Early life of Guru Gobind Singh
Guru Gobind Singh was the only son of Guru Tegh Bahadur who was the 9th Sikh guru and Mata Gujri. He was born in Patna, Bihar in a Sodhi family of Khatri social group. His birth name was Gobind Rai. The young Gobind Rai was to be identified as Gobind Singh after 1699 and he recommended his father that no one was more worthy to direct and surrender himself than him. Young Gobind Rai was fitted by the Sikhs as the 10th Sikh Guru on Baisakhi on 29 March 1676.
Legends of Guru Gobind Singh
Guru Gobind Singh initiated the Five K's tradition of the Khalsa, these are:
Guru Gobind Singh requested Sikhs to assemble at Anandpur on Baisakhi in 1699. According to the Sikh custom, he asked for a volunteer from those who were gathered and somebody who was willing to give up his head. One came forward, whom he took in a tent. He returned to the mass with no othe volunteer, but with a blood-spattered sword. He then asked for one more volunteer, and repeated the same procedure of returning from the tent without anyone and with a bloodied sword four more times. After the 5th volunteer went with him into the tent, then he returned with all five volunteers, all were safe. He called them the Panj Pyare and the 1st Khalsa in the Sikh tradition. Guru Gobind Singh then mixed water and sugar into an iron bowl, stirring it with a double-edged sword to arrange what he called the Amrit. He also proclaimed a policy of authority for Khalsa warriors. Tobacco and sex with Muslims were prohibited.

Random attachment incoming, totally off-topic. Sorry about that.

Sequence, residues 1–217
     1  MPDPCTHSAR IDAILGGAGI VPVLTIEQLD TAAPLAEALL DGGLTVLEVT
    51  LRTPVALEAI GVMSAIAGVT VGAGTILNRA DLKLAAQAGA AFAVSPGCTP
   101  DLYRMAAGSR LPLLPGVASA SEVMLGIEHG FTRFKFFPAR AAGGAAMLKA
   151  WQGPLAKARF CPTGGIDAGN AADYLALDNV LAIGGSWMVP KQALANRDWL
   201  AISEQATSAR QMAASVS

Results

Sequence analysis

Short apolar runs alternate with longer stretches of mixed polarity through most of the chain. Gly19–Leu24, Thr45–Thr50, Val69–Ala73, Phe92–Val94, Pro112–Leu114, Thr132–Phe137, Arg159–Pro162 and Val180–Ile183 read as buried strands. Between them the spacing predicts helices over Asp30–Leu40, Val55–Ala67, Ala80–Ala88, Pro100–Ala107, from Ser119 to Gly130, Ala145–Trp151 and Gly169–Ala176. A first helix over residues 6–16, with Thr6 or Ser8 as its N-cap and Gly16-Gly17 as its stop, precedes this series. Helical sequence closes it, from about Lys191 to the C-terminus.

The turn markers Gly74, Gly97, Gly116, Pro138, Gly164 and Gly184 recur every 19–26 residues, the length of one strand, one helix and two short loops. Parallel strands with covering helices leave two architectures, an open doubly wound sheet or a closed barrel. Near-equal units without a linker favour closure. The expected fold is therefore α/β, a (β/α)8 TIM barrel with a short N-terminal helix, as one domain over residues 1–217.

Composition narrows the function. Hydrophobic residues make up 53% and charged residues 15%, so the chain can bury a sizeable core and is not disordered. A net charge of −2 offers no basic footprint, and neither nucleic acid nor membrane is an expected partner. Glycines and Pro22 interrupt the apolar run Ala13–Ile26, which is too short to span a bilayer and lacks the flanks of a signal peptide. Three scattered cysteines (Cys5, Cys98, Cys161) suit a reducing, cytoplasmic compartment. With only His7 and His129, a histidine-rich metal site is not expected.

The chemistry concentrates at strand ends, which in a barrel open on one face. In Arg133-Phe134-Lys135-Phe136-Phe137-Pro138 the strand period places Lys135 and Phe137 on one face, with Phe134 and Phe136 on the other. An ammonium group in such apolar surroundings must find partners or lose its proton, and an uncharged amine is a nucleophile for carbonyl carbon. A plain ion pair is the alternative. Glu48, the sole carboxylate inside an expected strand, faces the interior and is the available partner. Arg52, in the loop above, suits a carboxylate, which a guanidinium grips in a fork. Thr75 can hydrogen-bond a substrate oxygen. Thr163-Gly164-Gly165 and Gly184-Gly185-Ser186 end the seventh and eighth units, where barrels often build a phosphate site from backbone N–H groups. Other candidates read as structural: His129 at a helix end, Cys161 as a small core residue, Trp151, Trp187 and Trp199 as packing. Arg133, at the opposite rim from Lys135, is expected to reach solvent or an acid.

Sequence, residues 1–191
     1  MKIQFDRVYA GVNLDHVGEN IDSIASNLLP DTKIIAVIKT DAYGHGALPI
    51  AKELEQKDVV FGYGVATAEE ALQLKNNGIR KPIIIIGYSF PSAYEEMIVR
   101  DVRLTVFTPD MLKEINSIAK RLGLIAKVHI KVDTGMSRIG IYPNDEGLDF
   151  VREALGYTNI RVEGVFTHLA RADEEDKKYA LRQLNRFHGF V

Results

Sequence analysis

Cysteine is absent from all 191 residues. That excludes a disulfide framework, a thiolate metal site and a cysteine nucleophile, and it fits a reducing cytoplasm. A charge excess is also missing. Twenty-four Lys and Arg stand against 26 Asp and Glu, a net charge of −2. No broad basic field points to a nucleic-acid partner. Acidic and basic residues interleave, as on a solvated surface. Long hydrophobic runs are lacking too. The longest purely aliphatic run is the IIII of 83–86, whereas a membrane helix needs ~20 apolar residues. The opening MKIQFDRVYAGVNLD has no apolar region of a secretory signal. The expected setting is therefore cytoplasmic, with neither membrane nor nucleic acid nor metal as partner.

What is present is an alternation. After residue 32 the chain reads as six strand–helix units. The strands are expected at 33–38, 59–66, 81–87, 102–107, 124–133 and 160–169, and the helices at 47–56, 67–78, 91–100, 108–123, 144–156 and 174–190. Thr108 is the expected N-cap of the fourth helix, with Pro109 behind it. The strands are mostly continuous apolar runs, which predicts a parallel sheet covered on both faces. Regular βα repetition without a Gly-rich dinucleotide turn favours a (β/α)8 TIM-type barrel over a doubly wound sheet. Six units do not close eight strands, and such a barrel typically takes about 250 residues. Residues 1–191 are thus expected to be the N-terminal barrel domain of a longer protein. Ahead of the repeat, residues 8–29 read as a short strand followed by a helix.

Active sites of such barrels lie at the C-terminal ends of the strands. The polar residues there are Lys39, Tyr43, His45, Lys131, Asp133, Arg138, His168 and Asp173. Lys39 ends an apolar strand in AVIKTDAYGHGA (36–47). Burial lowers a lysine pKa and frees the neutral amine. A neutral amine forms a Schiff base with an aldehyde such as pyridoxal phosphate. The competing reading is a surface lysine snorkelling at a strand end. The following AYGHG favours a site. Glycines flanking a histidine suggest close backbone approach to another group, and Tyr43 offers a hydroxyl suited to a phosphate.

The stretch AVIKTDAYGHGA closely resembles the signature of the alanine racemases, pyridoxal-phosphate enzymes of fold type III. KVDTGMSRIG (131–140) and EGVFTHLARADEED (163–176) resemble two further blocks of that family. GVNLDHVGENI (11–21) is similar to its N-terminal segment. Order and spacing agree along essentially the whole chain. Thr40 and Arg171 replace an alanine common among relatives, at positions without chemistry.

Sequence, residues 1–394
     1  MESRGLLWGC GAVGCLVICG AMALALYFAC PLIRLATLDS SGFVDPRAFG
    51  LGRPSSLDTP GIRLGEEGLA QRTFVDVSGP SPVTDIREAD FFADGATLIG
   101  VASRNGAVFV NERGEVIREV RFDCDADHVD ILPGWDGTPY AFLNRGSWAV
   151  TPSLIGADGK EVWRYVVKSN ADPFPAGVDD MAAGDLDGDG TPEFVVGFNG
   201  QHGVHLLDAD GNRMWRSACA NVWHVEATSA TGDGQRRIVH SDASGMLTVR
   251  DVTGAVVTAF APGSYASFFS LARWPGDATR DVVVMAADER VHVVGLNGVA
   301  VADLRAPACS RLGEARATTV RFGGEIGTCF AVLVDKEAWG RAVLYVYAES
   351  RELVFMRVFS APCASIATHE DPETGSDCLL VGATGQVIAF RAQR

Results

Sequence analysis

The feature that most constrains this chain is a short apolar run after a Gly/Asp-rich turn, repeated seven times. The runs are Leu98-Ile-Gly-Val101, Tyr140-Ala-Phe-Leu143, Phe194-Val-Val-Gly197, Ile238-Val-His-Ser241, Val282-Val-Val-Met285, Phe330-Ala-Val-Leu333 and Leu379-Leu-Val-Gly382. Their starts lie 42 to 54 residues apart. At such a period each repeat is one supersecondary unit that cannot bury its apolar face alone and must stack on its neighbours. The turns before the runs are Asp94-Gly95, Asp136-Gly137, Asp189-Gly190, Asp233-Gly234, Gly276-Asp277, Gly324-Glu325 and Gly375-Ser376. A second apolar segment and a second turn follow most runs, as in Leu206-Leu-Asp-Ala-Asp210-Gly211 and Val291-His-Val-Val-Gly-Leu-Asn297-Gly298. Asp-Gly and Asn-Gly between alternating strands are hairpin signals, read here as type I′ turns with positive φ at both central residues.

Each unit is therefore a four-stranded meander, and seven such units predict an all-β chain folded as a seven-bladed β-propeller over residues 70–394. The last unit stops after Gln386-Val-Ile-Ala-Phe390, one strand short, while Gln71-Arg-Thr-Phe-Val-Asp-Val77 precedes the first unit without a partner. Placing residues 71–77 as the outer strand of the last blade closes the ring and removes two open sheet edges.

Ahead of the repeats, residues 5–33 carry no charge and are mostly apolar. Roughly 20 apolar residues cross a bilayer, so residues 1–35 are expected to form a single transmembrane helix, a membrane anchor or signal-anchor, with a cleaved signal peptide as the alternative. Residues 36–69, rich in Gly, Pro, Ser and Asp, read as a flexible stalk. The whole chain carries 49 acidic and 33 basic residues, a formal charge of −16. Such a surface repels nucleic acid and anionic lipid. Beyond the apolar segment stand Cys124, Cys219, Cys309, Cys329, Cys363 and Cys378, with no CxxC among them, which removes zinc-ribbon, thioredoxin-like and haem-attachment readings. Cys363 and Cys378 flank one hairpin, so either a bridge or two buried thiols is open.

He launched plans that ultimately challenged the biased taxes forced by the Islamic authorities. The Khalsa soldier community tradition started by Guru Gobind Singh has added to contemporary academic debate on pluralism within Sikhism. Guru Gobind Singh is praised for finalizing the Kartarpur Pothi into the Guru Granth Sahib in Bathinda and releasing it in 1706. Guru Gobind Singh also stated this text to be the never-ending Guru for Sikhs. Guru Gobind Singh wrote the other texts, mainly the Dasam Granth which is considered to be a scripture next in importance after the Guru Granth Sahib by many Sikhs.
Guru Gobind Singh’s mother Mata Gujri and his two younger sons were detained by Wazir Khan, the Muslim ruler of Sirhind. According to Sikh tradition, his youngest sons, aged 5 and 8, were affected by burying them alive into a wall after they refused to convert to Islam, and Mata Gujri died soon after hearing of her grandsons' death. Both of his eldest sons, aged 13 and 17, also died in December 1704 in a fight against the Mughal army as they defended their father.
Significant battles of Guru Gobind Singh
He fought 14 wars. Battle of Bhangani, Battle of Nadaun, Battle of Guler, First Battle of Anandpur, Battle of Anandpur Sahib, Battle of Nirmohgarh, Battle of Basoli, Battle of Anandpur, Battle of Sarsa, Battle of Chamkaur, and Battle of Muktsar are the significant battles fought by Guru Gobind Singh.
Death of Guru Gobind Singh
Guru Gobind Singh died on 7 October 1708 from wounds imposed by a murderer. Guru Gobind Singh was the last of the living Sikh Gurus.